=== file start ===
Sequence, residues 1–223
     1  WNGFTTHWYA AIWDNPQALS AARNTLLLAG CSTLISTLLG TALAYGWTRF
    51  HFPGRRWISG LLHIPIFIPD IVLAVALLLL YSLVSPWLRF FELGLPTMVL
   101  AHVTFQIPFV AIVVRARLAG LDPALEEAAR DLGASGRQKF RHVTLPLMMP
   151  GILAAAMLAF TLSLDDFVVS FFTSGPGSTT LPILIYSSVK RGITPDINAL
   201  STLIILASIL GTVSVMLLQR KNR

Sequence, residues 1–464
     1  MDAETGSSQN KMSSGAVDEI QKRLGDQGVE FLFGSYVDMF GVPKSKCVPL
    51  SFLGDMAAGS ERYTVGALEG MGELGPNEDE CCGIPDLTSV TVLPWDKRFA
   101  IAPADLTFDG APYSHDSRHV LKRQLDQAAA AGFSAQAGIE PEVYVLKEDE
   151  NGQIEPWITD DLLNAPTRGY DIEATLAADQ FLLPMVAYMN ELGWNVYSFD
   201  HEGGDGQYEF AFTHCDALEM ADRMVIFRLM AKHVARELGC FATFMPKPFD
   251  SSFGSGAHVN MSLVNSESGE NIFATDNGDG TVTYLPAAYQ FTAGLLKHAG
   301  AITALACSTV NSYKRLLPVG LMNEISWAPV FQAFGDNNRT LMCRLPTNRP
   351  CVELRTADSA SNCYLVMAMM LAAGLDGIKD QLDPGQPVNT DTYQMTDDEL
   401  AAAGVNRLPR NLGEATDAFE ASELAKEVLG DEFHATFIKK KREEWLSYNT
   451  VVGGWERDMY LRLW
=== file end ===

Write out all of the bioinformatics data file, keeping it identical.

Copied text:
Sequence, residues 1–223
     1  WNGFTTHWYA AIWDNPQALS AARNTLLLAG CSTLISTLLG TALAYGWTRF
    51  HFPGRRWISG LLHIPIFIPD IVLAVALLLL YSLVSPWLRF FELGLPTMVL
   101  AHVTFQIPFV AIVVRARLAG LDPALEEAAR DLGASGRQKF RHVTLPLMMP
   151  GILAAAMLAF TLSLDDFVVS FFTSGPGSTT LPILIYSSVK RGITPDINAL
   201  STLIILASIL GTVSVMLLQR KNR

Sequence, residues 1–464
     1  MDAETGSSQN KMSSGAVDEI QKRLGDQGVE FLFGSYVDMF GVPKSKCVPL
    51  SFLGDMAAGS ERYTVGALEG MGELGPNEDE CCGIPDLTSV TVLPWDKRFA
   101  IAPADLTFDG APYSHDSRHV LKRQLDQAAA AGFSAQAGIE PEVYVLKEDE
   151  NGQIEPWITD DLLNAPTRGY DIEATLAADQ FLLPMVAYMN ELGWNVYSFD
   201  HEGGDGQYEF AFTHCDALEM ADRMVIFRLM AKHVARELGC FATFMPKPFD
   251  SSFGSGAHVN MSLVNSESGE NIFATDNGDG TVTYLPAAYQ FTAGLLKHAG
   301  AITALACSTV NSYKRLLPVG LMNEISWAPV FQAFGDNNRT LMCRLPTNRP
   351  CVELRTADSA SNCYLVMAMM LAAGLDGIKD QLDPGQPVNT DTYQMTDDEL
   401  AAAGVNRLPR NLGEATDAFE ASELAKEVLG DEFHATFIKK KREEWLSYNT
   451  VVGGWERDMY LRLW